Autodesk 123D Make Intro Mobile App Released
Thursday, May 10 - Autodesk has released the iOS version of their 123D Make app. The app contains pre-loaded 3D models that be assembled from 2D pieces. For these pre-loaded models, the app provides step-by-step assembly instructions.
123D Make Intro also features a Create mode where you can draw 2D designs and revolve them into the third dimension. The good people at Ponoko will laser cut the pieces of your model and deliver them directly to your home.
The app looks cool, and Autodesk has shown that they have a knack for user-friendly 3D design tools. I’m really excited to play with 123D Make and see what else Autodesk has in store.
3D Systems Acquires FreshFiber
Tuesday, May 8 - There was yet another acquisition by 3D Systems this week as the 3D giant added “FreshFiber BV” to its catalog. FreshFiber, based out of Amsterdam, specializes in consumer 3D printed products. They achieve their mission of “bringing 3D art and design to consumer electronics” through the production of a lot of cool 3D printed cases for cell phones and iPads. According to Market Watch, FreshFiber is the “leading 3D printed consumer electronics accessories brand sold online and in retail stores today.”
While 3D Systems has been buying up companies left and right, I can definitely understand their interest in a company like FreshFiber. iPhone cases are an excellent product for 3D printing; they’re plastic, prime for customization, and they look great. FreshFiber does something that not many companies currently do, they create 3D printed products that appeal to average consumers. Bravo!
How Did I Not Know about TMF?
Friday, May 4 - I stumbled onto my new favorite website today - ThatsMyFace.com. TMF allows you to upload a picture of yourself and have it rendered and printed in three dimensions. You can throw your head on an action figure, have a framed head emerging from your wall, or even create a lifelike mask out of your own face. As soon as I saw that TMF had a section titled “ornamental heads” I was hooked.
You don’t have to settle for your face, you can take pictures of a celebrity and get a Ryan Gosling head if you’d like. If you do settle for your face, you can change your skin color, gender, and even “beautify” your face!
If I HAD to list my three favorite TMF ideas, they would be:
1. Surprise party where everyone is wearing the guest of honor’s face as a mask.
2. Quietly stash action figures of my coworkers around the office, let them be gradually discovered.
3. Frighteningly hyper-realistic effigy
While the prints are somewhat costly, anyone who’s made a voodoo doll will tell you this level of realism is well worth the price.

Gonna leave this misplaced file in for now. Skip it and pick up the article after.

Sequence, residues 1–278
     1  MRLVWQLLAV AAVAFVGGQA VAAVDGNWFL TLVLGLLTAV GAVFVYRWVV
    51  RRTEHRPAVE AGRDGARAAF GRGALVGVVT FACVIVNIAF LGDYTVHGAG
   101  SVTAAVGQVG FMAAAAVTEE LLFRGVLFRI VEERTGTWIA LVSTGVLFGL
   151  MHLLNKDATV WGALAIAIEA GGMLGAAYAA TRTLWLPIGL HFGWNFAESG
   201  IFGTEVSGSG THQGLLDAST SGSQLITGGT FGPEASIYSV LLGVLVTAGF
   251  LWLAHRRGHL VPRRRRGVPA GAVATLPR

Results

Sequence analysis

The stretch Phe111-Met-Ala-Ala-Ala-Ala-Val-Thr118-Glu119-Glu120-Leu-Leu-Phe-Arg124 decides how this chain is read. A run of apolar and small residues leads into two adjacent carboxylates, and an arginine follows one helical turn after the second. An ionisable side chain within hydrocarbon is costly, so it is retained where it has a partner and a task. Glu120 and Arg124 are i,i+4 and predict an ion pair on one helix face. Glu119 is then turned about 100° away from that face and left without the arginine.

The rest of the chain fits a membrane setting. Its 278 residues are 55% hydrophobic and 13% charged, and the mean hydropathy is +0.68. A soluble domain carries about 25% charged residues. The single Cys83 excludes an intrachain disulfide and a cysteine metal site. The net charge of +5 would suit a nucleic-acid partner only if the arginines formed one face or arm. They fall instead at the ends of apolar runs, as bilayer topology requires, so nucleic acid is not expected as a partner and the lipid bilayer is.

Printxel - $300 3D Printer
Thursday, May 3 - It’s impossible to throw a stick on the Internet these days without hitting a crowdfunding 3D printer project, and we struck a new one yesterday. The Printxel (pronounced Print-zl) is a campaign on Kickstarter.com. The Printxel is remarkably inexpensive at just $300 for a complete kit. Adjunct Engineering, the creators of the project, limited the number of kits available to 25, for a total fundraising goal of $7500. The kits sold out in a little less than 11 hours. But, if you’re interested in getting your hands on a Printxel, you can reserve your place in line here. Check out the video for more info.
Wednesday, May 2 - Stratasys will unveil “What’s New in the World of 3D Printing” next Tuesday, May 8th. If you visit their homepage you can see the big orange teaser with a countdown set to end at 10:00 AM (Central Time).
Stratasys certainly has roused curiosity with such an ominous headline and countdown. One possibility is the introduction of a new personal 3D printer. Currently, Stratasys and Objet have no answer to 3D System’s Cubify. With the Cubify set to ship this month, it’s not unlikely that Stratasys and Object will release a home machine in the near future, before 3D Systems is able to gobble up the market. Be sure to check in next Tuesday to learn all about “the magic.”
HooPrint – The 3D-Printed 2D Printer
Students in the Mechanical and Aerospace Engineering department at UVA have developed a 2D printer composed of parts made on a 3D Printer. The video demonstration shows the printer sketching out a few drawings. The print head is simply a pen held in place. The pen follows a programmed path in two-dimensional space.
While this concept is not new, it would be interesting to see the potential of automated art further developed. Sketches could theoretically be purchased or downloaded online through an Etsy or Shapeways-type service and then sketched out manually by the printer for a new, “original” print. Even more exciting would be a machine that could paint as well as draw. Imagine picking out artwork online, tweaking the color scheme to fit your walls, pressing “print,” watching your machine go to work, and picking up a real painting with real brushstrokes.
Prediction: In the future we will exaggerate our artistic ability by filling our sketchbooks with HooPrint drawings. Thank You notes will be typed out on the computer and then printed in beautiful calligraphy, saving us time. We will take snapshots of our families, upload them to the computer, insert ourselves into various historical moments, add our favorite celebrities, and press “print.” Maybe.